I’ve been horribly slow about posting my recap on the Cascade Writers July workshop back on July 23-26. It was a wonderful experience for my first workshop, and registration is already open for next year.
There were three highlights for me from this workshop: Networking, Critiques, and Panels.
Networking: I’m pretty bad at networking. Introvert, exudes frigid vibes, and good at being nonobservant when I don’t think I need to be, are all descriptors that can fit me. For that last one, an example would be the weekend my husband proposed—on at least two occasions leading up to him popping the question, both my mother and his mother made statements that would’ve ruined the surprise if I’d been paying attention. I believe one of the phrases uttered was, “so, was it a big ‘yes?’” when I walked in the door at my future in-laws’ house. Apparently they hadn’t gotten the memo that my future husband’s plan had changed. To which I replied something like, “no, we didn’t end up going horseback riding.” True story.
Back to the workshop. One of the great things about this particular workshop is that registration was capped at around 35-40 attendees, not counting the speakers, staff, etc. This made it a lot easier and less overwhelming to meet just about everyone. Making friends happened a bit more seamlessly, and remembering/recognizing people was made easier since often we were attending the same panels. Plus, all of the panels were hosted in the hotel. Extra thanks to people who wore the same jacket or other noticeable piece of clothing/accessory each day–it made it easier to remember names without resorting to the awkward and obvious look-at-your-name tag-trying-not-to-be-obvious. I made connections with emerging and established writers, chatted with several industry pros, and made new friends, all without encountering one bit of nastiness, snobbery, or diva-ness.
Critiques: for this workshop most of the critique groups were I think between 6 and 8 attendees with submissions capped at 3,750 words, led by an established writer. My group was fearlessly led by Everett Maroon, and was a wonderful experience. Critiques were two-hour sessions, two on the Friday of the workshop and a final one on Saturday morning. I’ve participated in critiques through online classes and with a private online critique group, but this was my first experience with the Milford style. Giving an oral recap of my thoughts within 4 minutes per submission was daunting, but we all got through unscathed (I think). My submission was up for critique first, and I received some great feedback and discovered a few patterns and impressions that were unintentional on my part. Looking forward to getting it revised so I can send it out to markets.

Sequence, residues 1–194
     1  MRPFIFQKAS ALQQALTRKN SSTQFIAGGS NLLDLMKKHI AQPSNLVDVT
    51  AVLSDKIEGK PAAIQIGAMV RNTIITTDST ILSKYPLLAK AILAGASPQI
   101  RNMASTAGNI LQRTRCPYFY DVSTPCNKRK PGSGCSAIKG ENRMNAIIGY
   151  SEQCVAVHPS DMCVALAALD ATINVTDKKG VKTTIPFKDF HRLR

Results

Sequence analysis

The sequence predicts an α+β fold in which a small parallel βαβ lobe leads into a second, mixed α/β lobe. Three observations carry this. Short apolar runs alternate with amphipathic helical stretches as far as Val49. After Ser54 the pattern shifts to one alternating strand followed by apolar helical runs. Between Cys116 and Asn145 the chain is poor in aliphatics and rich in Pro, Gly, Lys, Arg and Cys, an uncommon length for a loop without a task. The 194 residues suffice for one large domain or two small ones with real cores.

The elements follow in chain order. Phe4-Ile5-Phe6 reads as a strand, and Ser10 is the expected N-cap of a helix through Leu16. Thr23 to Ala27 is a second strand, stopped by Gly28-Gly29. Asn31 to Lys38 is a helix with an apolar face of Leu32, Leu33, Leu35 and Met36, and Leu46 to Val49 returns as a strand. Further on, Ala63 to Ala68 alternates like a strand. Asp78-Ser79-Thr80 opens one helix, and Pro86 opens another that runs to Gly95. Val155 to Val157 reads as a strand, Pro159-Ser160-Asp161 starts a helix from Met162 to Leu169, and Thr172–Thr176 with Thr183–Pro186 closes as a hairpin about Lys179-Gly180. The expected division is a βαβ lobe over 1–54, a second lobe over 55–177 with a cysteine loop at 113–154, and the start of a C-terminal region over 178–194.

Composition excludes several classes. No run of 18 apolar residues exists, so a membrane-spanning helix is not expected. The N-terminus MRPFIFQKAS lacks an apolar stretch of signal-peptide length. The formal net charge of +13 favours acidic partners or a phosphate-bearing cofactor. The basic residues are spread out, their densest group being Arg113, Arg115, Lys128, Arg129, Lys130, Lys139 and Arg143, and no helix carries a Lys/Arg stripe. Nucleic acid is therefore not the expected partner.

My only criticism of the way the critiques were run is that three of the groups all met within the same room, while two others got smaller, separate rooms. The room we were in was large enough that we weren’t cramped together, but it could be hard to hear a critique if one of the other groups had a loud moment (we were guilty of loud laughter a time or two). However, I’m not sure the workshop will be held in this same hotel (Ramada Inn in Kent) again, so that comment may be moot.
Panels: the panels were great, and usually only two ran at once so it was easy to meet everyone and not feel like you were missing out on a bunch of other stuff you wanted to see/hear because of time conflicts. They also were scheduled so as not to conflict with the critique groups or meal times (a luxurious two hours allotted for meals most days). There was great variety in the panels, ranging from worldbuilding/setting type panels (Maps and Geography) to character development, managing the publishing side (queries with literary agent Jennifer Azantian, pitches, contracts, and how to manage social media), and a panel each for long form and short form works. With the workshop being on the smaller side, it was great for the panels. They had a more relaxed, informal vibe that is harder/impossible to have when you’re speaking to a room of a hundred or more instead of maybe fifteen or twenty people. We had the opportunity to ask questions and chat with the speakers without feeling rushed or running out of time (ever been to a panel where twenty people line up to ask questions when there’s only ten minutes left?).
A wonderful workshop experience, and I hope I can attend next year. I’ll be interested to see the similarities and differences when I attend the writers’ workshop portion of Sasquan later this month.